Joined: Feb 2012

This is not encouragement to do watchfull waiting.  But if your cancer is not agressive, you should have plenty of time to educate yourself on the ways in which you want to deal with it.  I know one person who faired quite well with robotic surgery. But whatever standard of care approach you choose do not overlook diet, exercise, and stress control even if it just to reduce chances of recurrence.    

Two oncologists who have researched diet and also employ it their practices are Drs Colin Champ and Dawn Lemanne.    Look up their presentations on YouTube.  Champ has also published on this issue in the medical literature (see PubMed search tool).   

An MD, Dr. Dean Ornish, who did a small study with prostate cancer patients in which all the patients (PSAs around 6 and non-agressive PC) chose watch and wait.   The intervnetion group showed small regression in PSA while the control group showed increasing PSA over time.   You can find hs study in the literature. 

Researcher Valter Longo has mapped out some of the pathways which stimulate growth and has worked with oncologist in several studies.  In this case the intervention is limited fasting leading into radiation or chemo.   Limited fasting puts the body's normal cells in a more protective mode and eakens the cancer cells, makeing the radiation or chemo more effective and reducing toxic side effects.    You can find Dr. Longo in the literature (PubMed) and a number of presentation on line.   Search for Longo Cancer Paris 2017 in Youtube for a short but inoformative talk.

My opinion - If a physician tells you that diet does not matter run, don't walk, and find aother one who is up on the latest research or at least is open to being informed.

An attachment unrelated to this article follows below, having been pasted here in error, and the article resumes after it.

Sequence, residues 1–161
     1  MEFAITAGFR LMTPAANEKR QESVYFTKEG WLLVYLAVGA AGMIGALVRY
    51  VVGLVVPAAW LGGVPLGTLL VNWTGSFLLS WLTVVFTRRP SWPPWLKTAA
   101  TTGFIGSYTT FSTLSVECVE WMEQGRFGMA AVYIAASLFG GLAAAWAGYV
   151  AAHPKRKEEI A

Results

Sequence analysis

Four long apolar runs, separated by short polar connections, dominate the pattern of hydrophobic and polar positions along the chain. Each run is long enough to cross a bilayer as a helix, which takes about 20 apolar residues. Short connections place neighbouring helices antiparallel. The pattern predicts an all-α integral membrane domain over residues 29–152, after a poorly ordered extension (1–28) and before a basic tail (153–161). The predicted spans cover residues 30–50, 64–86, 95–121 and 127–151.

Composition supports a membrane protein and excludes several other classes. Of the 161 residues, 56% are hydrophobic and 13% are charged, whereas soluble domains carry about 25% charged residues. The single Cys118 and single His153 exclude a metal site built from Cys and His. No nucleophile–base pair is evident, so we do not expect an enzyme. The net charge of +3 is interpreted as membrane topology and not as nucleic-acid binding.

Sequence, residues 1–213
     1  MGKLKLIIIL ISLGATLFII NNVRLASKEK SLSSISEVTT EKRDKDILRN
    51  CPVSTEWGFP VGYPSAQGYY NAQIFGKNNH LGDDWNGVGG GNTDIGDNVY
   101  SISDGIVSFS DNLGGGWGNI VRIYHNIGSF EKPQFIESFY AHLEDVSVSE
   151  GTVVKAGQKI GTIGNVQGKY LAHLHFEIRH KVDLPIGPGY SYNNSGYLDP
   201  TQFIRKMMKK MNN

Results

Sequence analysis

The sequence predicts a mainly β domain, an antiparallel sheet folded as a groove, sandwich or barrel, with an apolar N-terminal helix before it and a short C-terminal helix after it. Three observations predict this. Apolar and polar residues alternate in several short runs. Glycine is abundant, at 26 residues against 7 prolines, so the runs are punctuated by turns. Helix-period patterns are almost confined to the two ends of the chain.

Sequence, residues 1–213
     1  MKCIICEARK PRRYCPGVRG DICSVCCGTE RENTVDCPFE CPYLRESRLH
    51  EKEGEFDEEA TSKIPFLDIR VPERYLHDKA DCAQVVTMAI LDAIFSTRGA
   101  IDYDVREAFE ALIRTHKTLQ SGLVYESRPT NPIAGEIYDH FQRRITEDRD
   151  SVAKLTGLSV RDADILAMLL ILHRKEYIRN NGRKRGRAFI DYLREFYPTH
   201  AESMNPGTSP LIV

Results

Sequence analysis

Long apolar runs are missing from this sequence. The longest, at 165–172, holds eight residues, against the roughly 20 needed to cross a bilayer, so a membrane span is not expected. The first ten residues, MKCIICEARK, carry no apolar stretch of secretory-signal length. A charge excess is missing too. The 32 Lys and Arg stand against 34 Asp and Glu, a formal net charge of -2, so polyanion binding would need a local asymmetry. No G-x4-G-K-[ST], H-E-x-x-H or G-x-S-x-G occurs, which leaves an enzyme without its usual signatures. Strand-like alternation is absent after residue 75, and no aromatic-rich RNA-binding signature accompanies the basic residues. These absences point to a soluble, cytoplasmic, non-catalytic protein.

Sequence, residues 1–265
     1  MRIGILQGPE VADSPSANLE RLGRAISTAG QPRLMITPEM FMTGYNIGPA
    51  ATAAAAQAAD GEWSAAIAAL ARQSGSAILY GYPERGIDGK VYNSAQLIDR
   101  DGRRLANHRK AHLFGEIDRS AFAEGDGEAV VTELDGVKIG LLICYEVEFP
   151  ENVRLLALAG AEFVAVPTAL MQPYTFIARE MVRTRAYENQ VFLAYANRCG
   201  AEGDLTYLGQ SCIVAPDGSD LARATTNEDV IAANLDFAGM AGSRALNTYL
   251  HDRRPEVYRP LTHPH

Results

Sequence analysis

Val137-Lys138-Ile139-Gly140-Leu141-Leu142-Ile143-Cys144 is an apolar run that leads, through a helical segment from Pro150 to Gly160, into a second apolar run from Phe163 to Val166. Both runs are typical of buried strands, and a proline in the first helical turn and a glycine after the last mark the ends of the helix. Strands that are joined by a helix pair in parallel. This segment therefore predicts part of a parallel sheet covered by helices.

While you're educating youself, drop all simple carbs and make sure you're not eating a lot of starchy foods.  Eat modest amounts of protein, no more than about 1 gm per kilo of your body weight (normal body weight).   Get up and move (walk) if you are sedentary.  Do the things that are stress reducers for you. 

If you have problems finding presentations here are some:

https://www.youtube.com/watch?v=W_diITmOeCM

https://www.youtube.com/watch?v=gIKVsHbW1yQ&t=3018s

https://www.youtube.com/watch?v=v4ame4E1rtE&t=664s

https://www.youtube.com/watch?v=mffGLuctKoE&t=219s

 

 

     

 

 

tarhoosier
Posts: 195
Joined: Aug 2006

Jon there is a difference in diagnosis with T2. cT2 (or any T number) means Clinical, that is from the information collected in the urology clinic with digital exam, psa and patient reports of symptoms. This differs from pT2 which is Pathologically definitive and can be derived from only the sectioning and microscopic examination of the whole prostate after surgical removal. Those who choose radiation are more concerned with treatment than pathology. I might agree with his comment about 15 year survival though it is a crude way to say that men with G6 tend to live for years without treatment before it becomes a threat to their health. In sum I believe that if you are a true G6 and at your age of 67 that with just about any treatment, or maybe no treatment that you will more likely die of something other than prostate cancer. Take your time, read, think, ask and make no decisions until you are satisfied. Time is your friend.